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March 07 2013

January 25 2012

Four short links: 25 January 2012

  1. Mobile Overtaking Web -- provocatively packaged extrapolations of ComScore and similar numbers to conclude that Americans spend more time interacting with mobile apps than with web sites. I'm sure you could beat an iPhone developer to death with the error bars.
  2. Best Privacy Policy Ever -- satiric privacy policy from a Firefox plugin.
  3. The Time for Libraries is Now -- forceful presentation on the need for librarians (aka "information professionals") in an age of excess information.
  4. Google 2011 vs Microsoft 1995 (Nelson Minar) -- interesting analysis which prompted Andy Baio's comment Google will be in trouble if their strategy succeeds, or if it doesn't.

October 05 2011

Four short links: 5 October 2011

  1. Ghostery -- a browser plugin to block trackers, web bugs, dodgy scripts, ads, and anything else you care to remove from your browsing experience. It looks like a very well done adblocker, but it's done (a) closed-source and (b) for-profit. Blocking trackers is something every browser *should* do, but because browser makers make (or hope to make) money from ads, they don't. In theory, Mozilla should do it. Even if they were to take up the mantle, though, they're unlikely to make anything for IE or Chrome. So it's in the hands of companies with inarticulate business models. (via Andy Baio)
  2. Perspectives -- Firefox plugin that lets you know when you've encountered an SSL certificate that's different from the ones that other Perspectives users see (e.g., you're being man-in-the-middled by Iran). (via Francois Maurier)
  3. Always Connected -- "I've got a full day of staring at glowing rectangles ahead of me! Better get started ...". I have made mornings and evenings backlight-free zones in an effort to carve out some of the day free of glowing rectangles. (I do still read myself to sleep on the Kindle, though, but it's not backlit)
  4. Is Teaching MapReduce Healthy for Students? -- Google’s narrow MapReduce API conflates logical semantics (define a function over all items in a collection) with an expensive physical implementation (utilize a parallel barrier). As it happens, many common cluster-wide operations over a collection of items do not require a barrier even though they may require all-to-all communication. But there’s no way to tell the API whether a particular Reduce method has that property, so the runtime always does the most expensive thing imaginable in distributed coordination: global synchronization. Detailed and interesting criticism of whether Hadoop is the BASIC of parallel tools. (via Pete Warden)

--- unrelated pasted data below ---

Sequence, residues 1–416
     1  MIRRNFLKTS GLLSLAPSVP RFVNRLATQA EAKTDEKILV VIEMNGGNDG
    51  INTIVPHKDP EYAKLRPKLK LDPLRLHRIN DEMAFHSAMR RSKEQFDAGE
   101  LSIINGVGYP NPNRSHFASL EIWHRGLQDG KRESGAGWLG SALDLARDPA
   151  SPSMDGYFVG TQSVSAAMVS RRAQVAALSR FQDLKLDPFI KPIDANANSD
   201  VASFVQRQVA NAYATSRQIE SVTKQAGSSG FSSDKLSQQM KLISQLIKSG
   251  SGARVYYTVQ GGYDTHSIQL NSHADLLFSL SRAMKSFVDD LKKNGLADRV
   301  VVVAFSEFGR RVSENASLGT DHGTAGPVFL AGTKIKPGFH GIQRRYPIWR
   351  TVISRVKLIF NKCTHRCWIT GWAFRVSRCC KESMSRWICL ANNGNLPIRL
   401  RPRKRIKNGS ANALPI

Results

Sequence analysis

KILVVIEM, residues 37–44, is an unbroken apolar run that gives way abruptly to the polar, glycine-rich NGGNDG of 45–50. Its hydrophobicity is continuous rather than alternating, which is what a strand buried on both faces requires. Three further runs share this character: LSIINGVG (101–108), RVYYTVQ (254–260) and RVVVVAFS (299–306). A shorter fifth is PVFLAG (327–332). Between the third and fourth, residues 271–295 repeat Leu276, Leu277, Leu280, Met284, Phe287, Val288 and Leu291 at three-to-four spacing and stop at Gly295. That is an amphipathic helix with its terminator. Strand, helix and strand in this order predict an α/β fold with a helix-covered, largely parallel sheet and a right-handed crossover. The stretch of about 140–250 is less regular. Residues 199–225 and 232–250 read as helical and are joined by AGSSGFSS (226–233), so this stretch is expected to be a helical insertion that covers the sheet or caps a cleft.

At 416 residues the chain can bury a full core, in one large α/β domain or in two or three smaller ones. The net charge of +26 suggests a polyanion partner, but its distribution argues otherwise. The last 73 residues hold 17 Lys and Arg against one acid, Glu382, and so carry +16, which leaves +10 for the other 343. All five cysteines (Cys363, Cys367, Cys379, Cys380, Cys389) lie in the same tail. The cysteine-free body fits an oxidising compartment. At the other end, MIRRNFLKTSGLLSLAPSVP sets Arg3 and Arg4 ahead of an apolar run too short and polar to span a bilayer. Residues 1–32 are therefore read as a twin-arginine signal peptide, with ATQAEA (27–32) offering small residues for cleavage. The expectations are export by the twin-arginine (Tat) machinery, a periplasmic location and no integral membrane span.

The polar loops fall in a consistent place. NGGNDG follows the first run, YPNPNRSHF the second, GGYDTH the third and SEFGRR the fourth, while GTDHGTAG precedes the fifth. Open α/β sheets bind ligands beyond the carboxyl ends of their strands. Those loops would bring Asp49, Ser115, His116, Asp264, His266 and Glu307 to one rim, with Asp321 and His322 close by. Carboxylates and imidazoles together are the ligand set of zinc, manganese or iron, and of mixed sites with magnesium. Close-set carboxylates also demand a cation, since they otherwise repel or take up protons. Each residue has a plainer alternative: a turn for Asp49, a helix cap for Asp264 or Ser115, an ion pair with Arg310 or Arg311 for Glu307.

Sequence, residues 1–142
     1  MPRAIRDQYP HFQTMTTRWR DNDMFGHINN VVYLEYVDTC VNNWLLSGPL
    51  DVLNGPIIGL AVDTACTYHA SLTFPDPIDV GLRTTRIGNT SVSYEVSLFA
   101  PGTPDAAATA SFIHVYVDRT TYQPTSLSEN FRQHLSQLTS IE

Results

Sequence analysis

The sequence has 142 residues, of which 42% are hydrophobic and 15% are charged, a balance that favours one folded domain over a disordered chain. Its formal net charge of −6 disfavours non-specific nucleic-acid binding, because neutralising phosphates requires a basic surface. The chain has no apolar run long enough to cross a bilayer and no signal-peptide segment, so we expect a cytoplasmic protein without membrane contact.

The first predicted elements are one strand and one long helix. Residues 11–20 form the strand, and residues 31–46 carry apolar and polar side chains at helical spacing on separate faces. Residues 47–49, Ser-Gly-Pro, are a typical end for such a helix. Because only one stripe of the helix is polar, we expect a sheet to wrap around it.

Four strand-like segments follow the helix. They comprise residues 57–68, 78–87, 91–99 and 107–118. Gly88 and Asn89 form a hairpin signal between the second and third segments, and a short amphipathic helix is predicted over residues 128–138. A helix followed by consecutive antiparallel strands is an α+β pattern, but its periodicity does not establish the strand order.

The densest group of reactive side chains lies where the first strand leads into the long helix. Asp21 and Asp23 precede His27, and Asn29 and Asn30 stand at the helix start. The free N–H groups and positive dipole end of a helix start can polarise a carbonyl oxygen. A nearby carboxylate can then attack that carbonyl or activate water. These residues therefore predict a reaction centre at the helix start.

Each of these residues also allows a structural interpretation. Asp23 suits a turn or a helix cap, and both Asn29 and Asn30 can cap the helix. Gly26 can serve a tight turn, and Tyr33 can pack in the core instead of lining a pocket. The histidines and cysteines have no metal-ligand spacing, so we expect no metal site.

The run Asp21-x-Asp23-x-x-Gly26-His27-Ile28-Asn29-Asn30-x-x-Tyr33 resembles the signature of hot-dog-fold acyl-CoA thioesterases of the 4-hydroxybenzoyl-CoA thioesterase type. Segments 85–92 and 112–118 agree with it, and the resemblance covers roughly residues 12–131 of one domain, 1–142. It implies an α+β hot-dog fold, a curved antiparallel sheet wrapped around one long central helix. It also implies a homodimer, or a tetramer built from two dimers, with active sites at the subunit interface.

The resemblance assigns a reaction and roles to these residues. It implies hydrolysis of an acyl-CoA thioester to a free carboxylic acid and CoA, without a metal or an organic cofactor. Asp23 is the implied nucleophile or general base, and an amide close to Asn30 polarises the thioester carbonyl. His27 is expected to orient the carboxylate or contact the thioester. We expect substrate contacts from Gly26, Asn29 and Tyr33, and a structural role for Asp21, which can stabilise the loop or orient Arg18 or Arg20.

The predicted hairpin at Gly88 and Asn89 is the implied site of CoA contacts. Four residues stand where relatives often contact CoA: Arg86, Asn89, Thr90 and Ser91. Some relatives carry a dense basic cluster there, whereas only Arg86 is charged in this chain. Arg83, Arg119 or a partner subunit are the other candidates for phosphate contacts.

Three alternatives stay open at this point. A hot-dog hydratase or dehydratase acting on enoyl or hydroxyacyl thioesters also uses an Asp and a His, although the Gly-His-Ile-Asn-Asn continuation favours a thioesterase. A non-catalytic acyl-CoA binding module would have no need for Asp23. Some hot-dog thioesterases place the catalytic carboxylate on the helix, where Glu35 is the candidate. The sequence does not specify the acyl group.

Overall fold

October 03 2011

Four short links: 3 October 2011

  1. Mozilla's Secure Coding Guidelines -- the Mozilla recommendations for web application security. See also OWASP, Google's Browser Security Handbook and Google's course.
  2. Scroller -- MIT-licensed Javascript library for accelerated panning and zooming, from Zynga. (via Hacker News)
  3. How Fast-Flux Service Networks Operate -- explanation of a technique used by botnets and other malware hordes to make it hard to figure out on which machines the services are actually running. For an example, see The Inside Story of the Kelihos Botnet Takedown.
  4. Log In -- clever humour built out of password dialog boxes.

September 30 2011

Four short links: 30 September 2011

  1. Fingerprinting Cameras Through Sensor Noise -- using the pattern of noise consistent between images taken from the same camera to uniquely identify the device. (via Pete Warden)
  2. Stopping Bots with Hashes and Honeypots (Ned Batchelder) -- solid techniques for preventing spambots. (via Andy Baio)
  3. Most Popular Infographics Generalized (Flowing Data) -- it's only funny because it's true.
  4. London Hospital to Deploy Open Source Record System -- hot on the heels of the NHS canning a failed expensive development of electronic health records. (via Glyn Moody)

September 22 2011

Four short links: 22 September 2011

  1. Implicit and Explicit Feedback -- for preferences and recommendations, implicit signals (what people clicked on and actually listened to) turn out to be strongly correlated with what they would say if you asked. (via Greg Linden)
  2. Pivoting to Monetize Mobile Hyperlocal Social Gamification by Going Viral -- Schuyler Erle's stellar talk at the open source geospatial tools conference. Video, may cause your sides to ache.
  3. repl.it -- browser-based environment for exploring different programming languages from FORTH to Python and Javascript by way of Brainfuck and LOLCODE.
  4. Twitter Storm (GitHub) -- distributed realtime computation system, intended for realtime what Hadoop is to batch processing. Interesting because you improve most reporting and control systems when you move them closer to real-time. Eclipse-licensed open source.

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